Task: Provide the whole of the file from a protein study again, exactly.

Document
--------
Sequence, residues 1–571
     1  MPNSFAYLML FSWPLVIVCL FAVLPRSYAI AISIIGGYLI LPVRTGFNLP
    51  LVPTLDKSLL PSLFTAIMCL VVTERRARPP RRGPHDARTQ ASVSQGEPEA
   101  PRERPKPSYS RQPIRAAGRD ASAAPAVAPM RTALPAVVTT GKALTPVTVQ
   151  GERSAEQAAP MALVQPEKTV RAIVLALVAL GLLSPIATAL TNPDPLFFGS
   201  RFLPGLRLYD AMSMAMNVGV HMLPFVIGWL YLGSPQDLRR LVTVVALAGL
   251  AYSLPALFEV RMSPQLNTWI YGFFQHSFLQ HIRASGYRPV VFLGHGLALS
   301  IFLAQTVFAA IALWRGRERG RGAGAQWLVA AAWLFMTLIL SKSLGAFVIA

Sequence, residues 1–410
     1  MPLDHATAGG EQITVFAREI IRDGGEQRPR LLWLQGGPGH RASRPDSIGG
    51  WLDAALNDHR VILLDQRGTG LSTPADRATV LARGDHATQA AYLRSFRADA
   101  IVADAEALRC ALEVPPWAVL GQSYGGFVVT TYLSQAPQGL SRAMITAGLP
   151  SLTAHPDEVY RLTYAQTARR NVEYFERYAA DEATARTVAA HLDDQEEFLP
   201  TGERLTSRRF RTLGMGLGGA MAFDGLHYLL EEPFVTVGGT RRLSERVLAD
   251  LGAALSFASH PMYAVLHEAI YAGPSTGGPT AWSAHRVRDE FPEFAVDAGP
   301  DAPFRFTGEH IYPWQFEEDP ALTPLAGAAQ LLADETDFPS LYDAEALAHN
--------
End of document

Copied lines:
Sequence, residues 1–571
     1  MPNSFAYLML FSWPLVIVCL FAVLPRSYAI AISIIGGYLI LPVRTGFNLP
    51  LVPTLDKSLL PSLFTAIMCL VVTERRARPP RRGPHDARTQ ASVSQGEPEA
   101  PRERPKPSYS RQPIRAAGRD ASAAPAVAPM RTALPAVVTT GKALTPVTVQ
   151  GERSAEQAAP MALVQPEKTV RAIVLALVAL GLLSPIATAL TNPDPLFFGS
   201  RFLPGLRLYD AMSMAMNVGV HMLPFVIGWL YLGSPQDLRR LVTVVALAGL
   251  AYSLPALFEV RMSPQLNTWI YGFFQHSFLQ HIRASGYRPV VFLGHGLALS
   301  IFLAQTVFAA IALWRGRERG RGAGAQWLVA AAWLFMTLIL SKSLGAFVIA

Sequence, residues 1–410
     1  MPLDHATAGG EQITVFAREI IRDGGEQRPR LLWLQGGPGH RASRPDSIGG
    51  WLDAALNDHR VILLDQRGTG LSTPADRATV LARGDHATQA AYLRSFRADA
   101  IVADAEALRC ALEVPPWAVL GQSYGGFVVT TYLSQAPQGL SRAMITAGLP
   151  SLTAHPDEVY RLTYAQTARR NVEYFERYAA DEATARTVAA HLDDQEEFLP
   201  TGERLTSRRF RTLGMGLGGA MAFDGLHYLL EEPFVTVGGT RRLSERVLAD
   251  LGAALSFASH PMYAVLHEAI YAGPSTGGPT AWSAHRVRDE FPEFAVDAGP
   301  DAPFRFTGEH IYPWQFEEDP ALTPLAGAAQ LLADETDFPS LYDAEALAHN